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Landscapes of Capital: Alberto Toscano on Allan Sekula


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At the Johann Jacobs Museum in Zurich, an exhibition of Allan Sekula’s final work, entitled The Docker’s Museum, recently opened. The work consists of both a museum exhibition and a book, Ship of Fools / The Docker’s Museum. To mark the occasion, the museum organized a conference that included a talk by Alberto Toscano entitled “Landscapes of Capital.” In the talk, Toscano takes as his point of departure a question that Sekula himself explored at length: “Why are photographs of manufactured landscapes so often depopulated?” Toscano continues:

This question was polemically advanced by Allan Sekula, in his militant scepticism about the aesthetics of what he termed the ‘neutron-bomb school of photography’ (‘killing people but leaving the real estate standing’, he quipped). In his postscript to his photo essay ‘School is a Factory’, Sekula dwelled on an image by Lewis Baltz, taken in the same ‘landscapes’ of the ‘industrial park’ which Sekula took as the occasion to reflect on the corporatisation of minds and bodies, to question the ‘ambiguity’ of images that were poised between documentary and abstraction. The waning of reference often ascribed to a late-modernist or postmodern aesthetic is here taken to task for combining a complaisant representation of late-capitalist logistical post-urbanism with a compulsion to repeat, to imitate the coordinates of modernist abstraction. ‘Reference’ is here seen to slip from social space to aesthetics itself, as the photography performs a kind of nostalgia for pictoriality, an affiliation or aspiration to painterly abstraction …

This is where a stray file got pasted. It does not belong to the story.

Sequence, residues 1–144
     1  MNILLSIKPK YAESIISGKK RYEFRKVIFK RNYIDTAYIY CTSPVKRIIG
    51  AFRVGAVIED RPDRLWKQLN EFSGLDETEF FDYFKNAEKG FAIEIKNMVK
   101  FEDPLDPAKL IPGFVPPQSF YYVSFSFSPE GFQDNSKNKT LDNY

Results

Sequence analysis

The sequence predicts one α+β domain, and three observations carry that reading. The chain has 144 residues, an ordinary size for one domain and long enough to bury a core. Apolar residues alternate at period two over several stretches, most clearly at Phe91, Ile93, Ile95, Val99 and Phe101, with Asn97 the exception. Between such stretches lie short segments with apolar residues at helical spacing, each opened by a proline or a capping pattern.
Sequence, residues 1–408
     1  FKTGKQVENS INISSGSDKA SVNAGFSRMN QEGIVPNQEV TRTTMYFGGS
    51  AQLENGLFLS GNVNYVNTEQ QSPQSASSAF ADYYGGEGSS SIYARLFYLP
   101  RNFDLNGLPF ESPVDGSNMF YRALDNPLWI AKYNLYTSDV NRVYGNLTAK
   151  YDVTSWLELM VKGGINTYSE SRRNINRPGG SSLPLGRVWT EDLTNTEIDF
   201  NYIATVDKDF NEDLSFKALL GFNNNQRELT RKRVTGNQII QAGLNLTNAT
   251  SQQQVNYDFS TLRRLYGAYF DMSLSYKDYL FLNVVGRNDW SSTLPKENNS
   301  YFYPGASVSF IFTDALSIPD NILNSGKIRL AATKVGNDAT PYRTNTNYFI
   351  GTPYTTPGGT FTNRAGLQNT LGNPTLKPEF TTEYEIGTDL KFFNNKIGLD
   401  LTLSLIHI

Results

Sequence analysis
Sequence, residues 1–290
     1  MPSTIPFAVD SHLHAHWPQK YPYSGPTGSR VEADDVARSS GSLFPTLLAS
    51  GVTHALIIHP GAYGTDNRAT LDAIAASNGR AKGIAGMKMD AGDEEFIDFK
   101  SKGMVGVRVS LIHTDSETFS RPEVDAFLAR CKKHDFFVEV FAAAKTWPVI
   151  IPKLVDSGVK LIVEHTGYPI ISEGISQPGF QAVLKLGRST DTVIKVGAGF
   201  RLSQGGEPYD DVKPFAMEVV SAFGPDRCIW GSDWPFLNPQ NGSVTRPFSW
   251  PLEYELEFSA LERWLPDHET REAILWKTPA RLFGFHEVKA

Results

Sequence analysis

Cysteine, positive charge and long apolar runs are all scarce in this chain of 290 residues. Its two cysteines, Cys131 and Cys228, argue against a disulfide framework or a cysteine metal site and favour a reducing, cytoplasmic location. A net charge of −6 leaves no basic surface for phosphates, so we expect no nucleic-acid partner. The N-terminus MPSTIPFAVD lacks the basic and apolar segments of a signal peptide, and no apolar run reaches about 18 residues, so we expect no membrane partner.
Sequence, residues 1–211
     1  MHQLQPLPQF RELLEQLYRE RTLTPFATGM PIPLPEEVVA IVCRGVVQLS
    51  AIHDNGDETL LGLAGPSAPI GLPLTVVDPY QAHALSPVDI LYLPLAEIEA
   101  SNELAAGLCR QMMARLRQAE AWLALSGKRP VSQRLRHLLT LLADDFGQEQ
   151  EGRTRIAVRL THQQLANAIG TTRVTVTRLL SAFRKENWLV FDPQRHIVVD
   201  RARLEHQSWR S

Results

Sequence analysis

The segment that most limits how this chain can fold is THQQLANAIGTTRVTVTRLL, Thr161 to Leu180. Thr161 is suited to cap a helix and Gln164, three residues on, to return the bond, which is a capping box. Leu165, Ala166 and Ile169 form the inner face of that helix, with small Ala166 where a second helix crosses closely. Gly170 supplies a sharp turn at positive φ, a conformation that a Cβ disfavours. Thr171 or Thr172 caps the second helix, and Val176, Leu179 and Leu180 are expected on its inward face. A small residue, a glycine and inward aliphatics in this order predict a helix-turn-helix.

The work of the new topographics photographers, and of their many contemporary epigones, can be usefully framed as an answer – irrespective of the artists’ and curators’ motives – to the question of how capitalism is to be represented. It is in this light that Sekula’s comment about the ‘ambiguity’ – between documentation and abstraction – that pervades Baltz’s photographs gains its full meaning. Yet this world in which ‘man’ (that imposing if precarious abstraction here standing in for a congeries of profit imperatives, legal apparatuses, settler-colonial dispositions, etc.) has altered ‘men’ out of the picture is a representation of capital that appears to block the path to anything like the aesthetic of cognitive mapping that Jameson called for in the 1980s to provide an answer – at once political, artistic and ideological – to a predicament in which a ‘situational representation’ of one’s place within the totality of capital was no longer available.

The full talk is available here.